I recall fondly my times on Skye foxing. The terrain is difficult – and filming for The Shooting Show equally so, but the rewards are spectacular. One occasion that sticks out saw me joining friend and hunter Scott Mackenzie. Given the limited number of roe on the island, and with the hind season well and truly over, Scott’s attention was firmly placed on a search and destroy mission.
Although he had made a concerted effort over the winter months to fend off the encroaching fox population, we were now at the start of the lambing season, and this was no time to be taking stock.
It is important to understand what a massive impact the loss of one lamb can make in a crofting environment. Obviously any loss is felt by a farmer, and is a reduction of potential future revenue.
However, on the island, a crofter may only have 30-head. On this much smaller scale, one less lamb to market is a substantial proportion of the expected year’s takings from crofting activities.
With this in mind, Scott gathered together a number of adjoining crofts to help provide a unified front against their vulpine thief. With unimpeded scope to cover a large area of ground, Scott could now more efficiently control problem foxes. This is a plan that has proved successful over a number of years. Of course, the good efforts and work throughout the year could mean little if the crofters suffered heavy losses during lambing. It is, after all, this time that Scott’s year of foxing control comes fruition. Just one marauding killer could make it look like he had been slacking throughout previous months.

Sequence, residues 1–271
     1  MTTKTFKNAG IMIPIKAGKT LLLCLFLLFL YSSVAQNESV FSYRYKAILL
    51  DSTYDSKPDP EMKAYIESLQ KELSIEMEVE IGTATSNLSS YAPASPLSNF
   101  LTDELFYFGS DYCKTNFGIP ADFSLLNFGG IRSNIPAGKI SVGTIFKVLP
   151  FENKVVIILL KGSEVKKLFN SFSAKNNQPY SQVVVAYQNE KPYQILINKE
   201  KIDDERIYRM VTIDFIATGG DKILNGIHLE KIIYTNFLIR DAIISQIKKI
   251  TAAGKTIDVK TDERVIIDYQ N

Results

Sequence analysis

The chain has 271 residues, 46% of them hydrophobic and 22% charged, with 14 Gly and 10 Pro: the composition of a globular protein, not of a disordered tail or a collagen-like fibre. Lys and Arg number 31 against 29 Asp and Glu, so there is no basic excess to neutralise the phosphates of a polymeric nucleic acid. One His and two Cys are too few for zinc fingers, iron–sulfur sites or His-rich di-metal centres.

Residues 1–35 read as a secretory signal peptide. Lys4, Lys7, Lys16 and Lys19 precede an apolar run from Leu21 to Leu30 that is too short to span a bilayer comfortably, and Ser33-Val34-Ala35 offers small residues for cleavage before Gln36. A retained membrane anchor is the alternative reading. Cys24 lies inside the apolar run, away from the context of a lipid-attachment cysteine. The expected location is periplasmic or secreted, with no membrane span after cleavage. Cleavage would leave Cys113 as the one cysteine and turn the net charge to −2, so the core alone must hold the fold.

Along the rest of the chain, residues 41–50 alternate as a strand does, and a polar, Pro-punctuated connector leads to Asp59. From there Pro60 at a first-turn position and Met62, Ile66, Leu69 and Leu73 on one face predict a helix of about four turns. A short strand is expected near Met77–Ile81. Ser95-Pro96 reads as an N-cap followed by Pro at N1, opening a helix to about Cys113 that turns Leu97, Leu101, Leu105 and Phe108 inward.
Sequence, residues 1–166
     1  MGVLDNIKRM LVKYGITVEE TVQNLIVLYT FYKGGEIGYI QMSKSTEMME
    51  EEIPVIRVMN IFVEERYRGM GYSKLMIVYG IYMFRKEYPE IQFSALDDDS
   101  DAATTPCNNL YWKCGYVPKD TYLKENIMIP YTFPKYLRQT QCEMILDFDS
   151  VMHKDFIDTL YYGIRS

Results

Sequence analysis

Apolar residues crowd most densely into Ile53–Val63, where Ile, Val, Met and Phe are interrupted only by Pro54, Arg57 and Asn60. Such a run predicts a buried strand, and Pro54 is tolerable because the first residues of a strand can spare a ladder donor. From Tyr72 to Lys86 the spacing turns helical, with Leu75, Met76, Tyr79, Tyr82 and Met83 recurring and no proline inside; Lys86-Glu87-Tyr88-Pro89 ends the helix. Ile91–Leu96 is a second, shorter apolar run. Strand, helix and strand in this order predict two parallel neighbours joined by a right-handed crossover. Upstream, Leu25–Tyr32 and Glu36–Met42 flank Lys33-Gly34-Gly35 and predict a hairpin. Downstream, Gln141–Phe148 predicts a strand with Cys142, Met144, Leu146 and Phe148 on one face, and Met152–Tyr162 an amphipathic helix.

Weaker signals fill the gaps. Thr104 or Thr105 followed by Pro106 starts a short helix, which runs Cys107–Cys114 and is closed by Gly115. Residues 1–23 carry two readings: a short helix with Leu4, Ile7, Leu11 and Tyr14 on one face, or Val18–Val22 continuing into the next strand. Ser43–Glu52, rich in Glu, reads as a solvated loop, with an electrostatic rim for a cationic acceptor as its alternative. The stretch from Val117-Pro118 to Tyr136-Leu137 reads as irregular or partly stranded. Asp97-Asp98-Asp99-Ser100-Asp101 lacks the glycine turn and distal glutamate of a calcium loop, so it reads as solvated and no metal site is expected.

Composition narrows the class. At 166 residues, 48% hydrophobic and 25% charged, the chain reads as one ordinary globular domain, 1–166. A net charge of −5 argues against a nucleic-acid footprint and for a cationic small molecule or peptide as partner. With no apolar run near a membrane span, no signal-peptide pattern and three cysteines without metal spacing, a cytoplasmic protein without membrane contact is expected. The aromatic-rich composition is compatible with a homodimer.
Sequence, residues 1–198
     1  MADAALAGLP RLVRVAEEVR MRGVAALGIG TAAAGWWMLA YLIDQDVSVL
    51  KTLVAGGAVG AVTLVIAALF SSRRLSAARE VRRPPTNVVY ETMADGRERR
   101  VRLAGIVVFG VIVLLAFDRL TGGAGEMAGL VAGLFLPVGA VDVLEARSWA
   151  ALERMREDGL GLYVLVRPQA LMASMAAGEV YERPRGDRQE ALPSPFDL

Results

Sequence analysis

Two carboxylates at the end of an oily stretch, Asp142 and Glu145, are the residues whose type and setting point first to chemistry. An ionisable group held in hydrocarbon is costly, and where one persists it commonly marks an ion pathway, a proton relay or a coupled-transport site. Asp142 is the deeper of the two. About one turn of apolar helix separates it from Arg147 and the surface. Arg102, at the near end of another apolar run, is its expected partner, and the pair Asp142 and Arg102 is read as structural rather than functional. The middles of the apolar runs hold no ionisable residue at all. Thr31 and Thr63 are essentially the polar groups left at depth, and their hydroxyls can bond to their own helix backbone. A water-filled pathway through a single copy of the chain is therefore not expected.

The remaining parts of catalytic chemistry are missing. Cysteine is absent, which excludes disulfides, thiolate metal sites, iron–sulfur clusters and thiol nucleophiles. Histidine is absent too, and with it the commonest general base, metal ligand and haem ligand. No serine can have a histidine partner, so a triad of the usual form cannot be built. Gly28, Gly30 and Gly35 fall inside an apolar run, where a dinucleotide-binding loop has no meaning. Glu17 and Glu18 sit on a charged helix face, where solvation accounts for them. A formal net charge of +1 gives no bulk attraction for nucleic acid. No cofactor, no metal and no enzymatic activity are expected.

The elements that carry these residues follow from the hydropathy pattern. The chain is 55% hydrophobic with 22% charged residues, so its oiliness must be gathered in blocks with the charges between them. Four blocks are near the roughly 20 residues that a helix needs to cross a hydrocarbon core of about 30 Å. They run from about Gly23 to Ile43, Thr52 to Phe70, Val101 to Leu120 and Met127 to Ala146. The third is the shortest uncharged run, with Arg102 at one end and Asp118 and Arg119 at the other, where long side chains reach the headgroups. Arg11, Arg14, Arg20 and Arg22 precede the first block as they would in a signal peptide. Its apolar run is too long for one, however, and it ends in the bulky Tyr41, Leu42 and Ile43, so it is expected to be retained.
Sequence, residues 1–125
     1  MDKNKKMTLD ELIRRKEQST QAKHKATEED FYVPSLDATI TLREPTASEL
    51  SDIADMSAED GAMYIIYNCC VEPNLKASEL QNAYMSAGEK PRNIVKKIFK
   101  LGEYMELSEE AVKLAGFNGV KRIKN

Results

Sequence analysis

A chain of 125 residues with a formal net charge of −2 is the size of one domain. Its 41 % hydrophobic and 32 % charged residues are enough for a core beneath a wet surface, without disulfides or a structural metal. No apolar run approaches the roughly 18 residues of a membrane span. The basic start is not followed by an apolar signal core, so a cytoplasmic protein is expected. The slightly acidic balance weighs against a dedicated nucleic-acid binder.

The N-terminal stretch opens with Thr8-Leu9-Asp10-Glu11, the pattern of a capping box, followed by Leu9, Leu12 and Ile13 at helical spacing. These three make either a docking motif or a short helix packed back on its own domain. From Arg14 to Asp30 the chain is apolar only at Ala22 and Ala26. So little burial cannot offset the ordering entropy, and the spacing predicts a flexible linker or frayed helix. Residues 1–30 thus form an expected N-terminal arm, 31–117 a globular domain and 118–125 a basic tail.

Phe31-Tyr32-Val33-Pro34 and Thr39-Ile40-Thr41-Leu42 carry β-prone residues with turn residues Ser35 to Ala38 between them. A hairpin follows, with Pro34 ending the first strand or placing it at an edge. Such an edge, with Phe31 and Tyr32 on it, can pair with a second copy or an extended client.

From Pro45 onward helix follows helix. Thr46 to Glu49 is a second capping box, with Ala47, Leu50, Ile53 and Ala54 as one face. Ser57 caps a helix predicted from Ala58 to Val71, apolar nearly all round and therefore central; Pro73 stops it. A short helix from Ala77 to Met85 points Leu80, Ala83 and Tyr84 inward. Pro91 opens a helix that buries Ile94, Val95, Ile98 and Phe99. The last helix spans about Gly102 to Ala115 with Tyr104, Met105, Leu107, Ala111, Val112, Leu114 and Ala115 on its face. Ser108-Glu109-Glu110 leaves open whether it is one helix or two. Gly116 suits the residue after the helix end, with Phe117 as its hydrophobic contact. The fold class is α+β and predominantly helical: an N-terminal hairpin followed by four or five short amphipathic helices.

It was the end of a miserable week. The previous year had been fairly dry in the northwest, and this was noticeable as my Landy wound its way northward. Peering across to the fleeting bodies of water, the bare bones of rocky shores were obvious to see. The countryside was in need of a drink – it was just a shame the parched watercourses were only now being filled. We made do with the hand we had been dealt, and I set off with Scott for my first venture in six months across the unforgiving Skye landscape in search of Mr Fox.
Scott was armed with my Kimber .243 Win, topped with Swarovski optics and Hardy Gen 4 moderator. Loaded up a little heavy for foxes, we were running 105-grain Gecos. With time at a premium, I hadn’t had a chance to zero for the 70-grain Federal Ballistic tips I would usually have for such endeavours. Scott was more than content, insisting that this was his standard ammo for foxing on Skye owing to the turbulent weather and rough, tussocky ground. All that was left now was to brave the horizontal drizzle and make a move.
Fulfilling the Scandinavian proverb, “there is no such thing as bad weather, only inappropriate clothing,” we dressed for the elements. Trying to take a positive from the situation, it was likely that any foxes willing to brave the conditions would be heading for sheltered areas. To be honest, any Charlies willing to venture onto the wind-battered tops were welcome to have an undisturbed night – it was no place to be hunting, and unlikely Scott would get an accurate shot off from a distance. Fortunately, with most of the lambing underway, the livestock was concentrated on the lower, more sheltered areas, and this is where we needed to focus our attention.